• Choose nutrition when planning your instructional meal. 


My Wizard of Oz-themed room would have been a great sugary snack, but not nutritionally dense for student learning. Again, I love a good theme. I developed one every year to increase student engagement, but it is merely the appetizer. It gets kids excited for the meal. Don’t skip the entree. Well designed lessons that increase student learning are the meat and potatoes of teaching. There is an abundance of instructional junk food on the internet. Feed kids well.

  1. Make a shopping list.

Surfing the internet without an instructional list rooted in the student standard is dangerous. Compare it to “browsing” Target. Before you know it, you walk out with salmon fillets, six dog toys, a coffee maker, three magazines, and a cauliflower crust pizza that you will ceremoniously toss after the first bite because, well, cauliflower crust. Knowing what you are shopping for instructionally will give you the ability to select only the resources that align with your state standard. 


  • Apply the dietary lens of high leverage/low prep while you shop. 


Every diet has a lens. If you are eating keto, you check labels for carbs. If you are eating low fat, you skip the bacon. If calories are a problem, you are checking for sugar content. Apply the dietary lens of high leverage/low prep when you “read the labels” on instructional activities. One of the best sites I know for this dietary lens is Lead4Ward. Find their instructional playlist and stay there.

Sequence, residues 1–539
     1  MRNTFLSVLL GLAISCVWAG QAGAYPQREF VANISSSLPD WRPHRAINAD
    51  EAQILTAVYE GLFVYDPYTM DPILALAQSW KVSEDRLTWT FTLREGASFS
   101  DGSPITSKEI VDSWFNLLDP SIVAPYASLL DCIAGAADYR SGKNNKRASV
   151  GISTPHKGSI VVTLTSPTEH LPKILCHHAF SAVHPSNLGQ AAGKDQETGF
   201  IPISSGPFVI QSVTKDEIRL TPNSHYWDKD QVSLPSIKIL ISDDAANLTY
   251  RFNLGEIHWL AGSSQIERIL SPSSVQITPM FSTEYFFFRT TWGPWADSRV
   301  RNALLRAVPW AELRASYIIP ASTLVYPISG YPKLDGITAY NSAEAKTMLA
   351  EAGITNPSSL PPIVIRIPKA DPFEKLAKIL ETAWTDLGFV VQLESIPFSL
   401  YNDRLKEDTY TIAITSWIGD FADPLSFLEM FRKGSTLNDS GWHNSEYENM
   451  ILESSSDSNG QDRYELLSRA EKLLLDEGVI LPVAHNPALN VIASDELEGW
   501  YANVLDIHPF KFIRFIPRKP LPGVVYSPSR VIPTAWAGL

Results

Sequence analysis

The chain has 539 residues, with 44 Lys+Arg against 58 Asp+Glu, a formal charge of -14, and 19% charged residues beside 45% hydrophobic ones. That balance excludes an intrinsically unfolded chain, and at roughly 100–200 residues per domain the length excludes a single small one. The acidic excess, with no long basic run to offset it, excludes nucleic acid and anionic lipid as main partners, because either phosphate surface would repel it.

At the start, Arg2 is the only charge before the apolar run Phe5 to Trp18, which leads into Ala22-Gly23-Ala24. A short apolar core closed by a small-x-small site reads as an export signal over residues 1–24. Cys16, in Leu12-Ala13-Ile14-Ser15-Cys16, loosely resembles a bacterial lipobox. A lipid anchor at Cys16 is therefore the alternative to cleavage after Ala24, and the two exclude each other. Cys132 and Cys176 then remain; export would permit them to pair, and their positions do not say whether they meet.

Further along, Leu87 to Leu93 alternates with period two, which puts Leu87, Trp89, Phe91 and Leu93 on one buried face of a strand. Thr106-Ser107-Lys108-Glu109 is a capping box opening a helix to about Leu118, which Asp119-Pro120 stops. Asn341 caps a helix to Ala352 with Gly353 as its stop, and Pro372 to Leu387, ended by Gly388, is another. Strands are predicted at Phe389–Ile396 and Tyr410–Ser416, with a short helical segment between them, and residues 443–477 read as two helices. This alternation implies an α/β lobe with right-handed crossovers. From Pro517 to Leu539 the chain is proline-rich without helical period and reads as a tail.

• Use the express checkout.


If your instructional shopping cart does not qualify for the express lane, put something back.  Park your cart and look for empty instructional calories. Empty calories will always leave your students wanting more. True satiation comes from engagement of the mind. Return the Skittles. 

Less things, more focus.

The Sacrifice

I still mourn my ruby slippers. Yet, what do we sacrifice when we don’t apply simplicity? Time. Time is the great sacrifice of a shopping cart filled with instructional clearance items and an overused search bar. I won’t regret playing a board game with my family instead of hanging lights in my Emerald City. I won’t regret seeing a movie with a friend instead of seeking reasonable solutions to prevent scuff marks on my yellow brick road. I won’t regret walking my dogs instead of filling my Amazon cart. I will regret not seeing the look on my husband’s face when I handed him the Tin Man costume. 


2 thoughts on “Less Things, More Focus

  1. Richard Stephens says:

    Amazing take on how to teach kids. We are so blessed to have Mrs. McKintosh on our staff. This is the brilliance you get on a daily basis from her. Thank you for cutting through the fluff and giving us the meat.


  2. T clark says:

    Spot on! Time is a luxury to educators. Spend it wisely! Thank you Julie McKintosh for always knowing what to say and how to say it!